'Ground zero' an irresistible draw
NEW YORK (CNN) -- More than two weeks after the World Trade Center was attacked, many New Yorkers and tourists are making a pilgrimage of sorts, visiting the site of the ruins where the two landmark towers once stood.
Police and National Guard members surround the 16-acre pile of debris known as "ground zero," but many people are milling about the surrounding side streets as the neighborhood slowly tries to return to normal life.
Building fronts are covered with ash and store windows are scrawled with graffiti like: "United we stand" and "God bless America."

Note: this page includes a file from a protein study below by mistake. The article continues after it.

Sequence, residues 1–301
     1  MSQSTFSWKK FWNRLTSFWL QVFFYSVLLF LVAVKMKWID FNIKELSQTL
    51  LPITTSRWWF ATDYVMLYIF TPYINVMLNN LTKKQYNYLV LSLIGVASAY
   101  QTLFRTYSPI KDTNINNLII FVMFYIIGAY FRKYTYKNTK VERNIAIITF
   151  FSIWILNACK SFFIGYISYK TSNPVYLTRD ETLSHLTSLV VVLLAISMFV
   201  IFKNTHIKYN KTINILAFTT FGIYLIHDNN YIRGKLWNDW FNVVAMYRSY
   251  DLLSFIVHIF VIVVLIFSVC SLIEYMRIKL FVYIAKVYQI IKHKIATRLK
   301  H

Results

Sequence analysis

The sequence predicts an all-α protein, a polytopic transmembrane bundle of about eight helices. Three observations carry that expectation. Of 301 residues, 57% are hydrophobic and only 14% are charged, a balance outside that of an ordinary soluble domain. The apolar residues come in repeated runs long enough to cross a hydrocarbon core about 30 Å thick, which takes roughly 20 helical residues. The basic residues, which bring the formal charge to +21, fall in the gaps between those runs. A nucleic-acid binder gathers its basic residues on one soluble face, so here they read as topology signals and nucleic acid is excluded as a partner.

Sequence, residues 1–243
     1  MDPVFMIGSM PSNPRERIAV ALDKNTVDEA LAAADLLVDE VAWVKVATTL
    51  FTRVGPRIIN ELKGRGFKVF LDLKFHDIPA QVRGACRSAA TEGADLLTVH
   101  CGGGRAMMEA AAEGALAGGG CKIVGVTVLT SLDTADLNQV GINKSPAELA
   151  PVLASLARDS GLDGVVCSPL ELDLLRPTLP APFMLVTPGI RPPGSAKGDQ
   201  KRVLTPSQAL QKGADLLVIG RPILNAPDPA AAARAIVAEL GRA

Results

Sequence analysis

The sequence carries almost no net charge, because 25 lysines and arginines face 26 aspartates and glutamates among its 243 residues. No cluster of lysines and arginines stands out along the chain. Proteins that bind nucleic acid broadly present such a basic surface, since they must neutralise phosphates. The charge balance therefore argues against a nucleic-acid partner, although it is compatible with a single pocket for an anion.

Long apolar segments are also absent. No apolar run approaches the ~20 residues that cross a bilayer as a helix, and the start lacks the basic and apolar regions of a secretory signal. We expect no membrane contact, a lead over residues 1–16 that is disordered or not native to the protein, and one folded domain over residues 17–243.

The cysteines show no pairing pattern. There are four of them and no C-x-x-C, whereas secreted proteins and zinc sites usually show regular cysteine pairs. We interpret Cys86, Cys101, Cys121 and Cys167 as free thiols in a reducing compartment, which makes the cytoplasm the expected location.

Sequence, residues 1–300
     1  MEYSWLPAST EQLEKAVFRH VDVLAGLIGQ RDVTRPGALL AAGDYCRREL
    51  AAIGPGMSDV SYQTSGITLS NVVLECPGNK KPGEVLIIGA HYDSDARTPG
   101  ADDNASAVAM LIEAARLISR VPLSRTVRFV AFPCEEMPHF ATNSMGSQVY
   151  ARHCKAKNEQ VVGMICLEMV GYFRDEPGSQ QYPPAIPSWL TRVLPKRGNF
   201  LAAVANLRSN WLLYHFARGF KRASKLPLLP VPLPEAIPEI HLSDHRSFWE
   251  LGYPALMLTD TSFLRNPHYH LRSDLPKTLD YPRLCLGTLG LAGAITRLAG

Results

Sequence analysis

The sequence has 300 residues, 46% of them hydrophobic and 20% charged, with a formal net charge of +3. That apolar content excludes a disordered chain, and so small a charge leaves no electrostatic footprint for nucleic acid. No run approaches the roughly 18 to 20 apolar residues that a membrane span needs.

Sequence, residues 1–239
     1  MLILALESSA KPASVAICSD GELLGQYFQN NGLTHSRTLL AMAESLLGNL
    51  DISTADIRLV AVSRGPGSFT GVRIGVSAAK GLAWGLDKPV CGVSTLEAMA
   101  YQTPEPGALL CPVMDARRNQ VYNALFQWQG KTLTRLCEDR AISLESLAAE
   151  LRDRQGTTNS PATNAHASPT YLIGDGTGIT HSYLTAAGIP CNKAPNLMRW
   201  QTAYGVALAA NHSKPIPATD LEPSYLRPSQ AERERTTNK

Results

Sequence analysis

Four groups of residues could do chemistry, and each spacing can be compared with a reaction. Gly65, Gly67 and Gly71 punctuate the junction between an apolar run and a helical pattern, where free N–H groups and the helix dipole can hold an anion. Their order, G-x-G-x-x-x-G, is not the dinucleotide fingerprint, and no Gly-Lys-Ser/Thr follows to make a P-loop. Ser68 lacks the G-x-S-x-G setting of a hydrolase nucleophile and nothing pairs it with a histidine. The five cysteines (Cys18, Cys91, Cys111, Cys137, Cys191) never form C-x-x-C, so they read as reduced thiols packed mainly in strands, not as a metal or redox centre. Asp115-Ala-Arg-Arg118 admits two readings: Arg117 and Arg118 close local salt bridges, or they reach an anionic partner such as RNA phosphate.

Although signs warn to refrain from taking photographs because of security reasons, many people cannot resist the urge to record the images.
"I'm visiting New York … and as a captain in the Army I feel obligated to come here and see what damage they did to us," said one man at the site.
"You know, you see it on television and then to come down here and really see it firsthand is just unbelievable, unbelievable," said another visitor. "The crane looked like a little Tonka toy compared to the rubble it was sitting on."
Those who are hoping to find answers by visiting the site are disappointed.
"I just can't understand why anyone would do this," a visitor commented. "It's just unbelievable, it just doesn't make sense."
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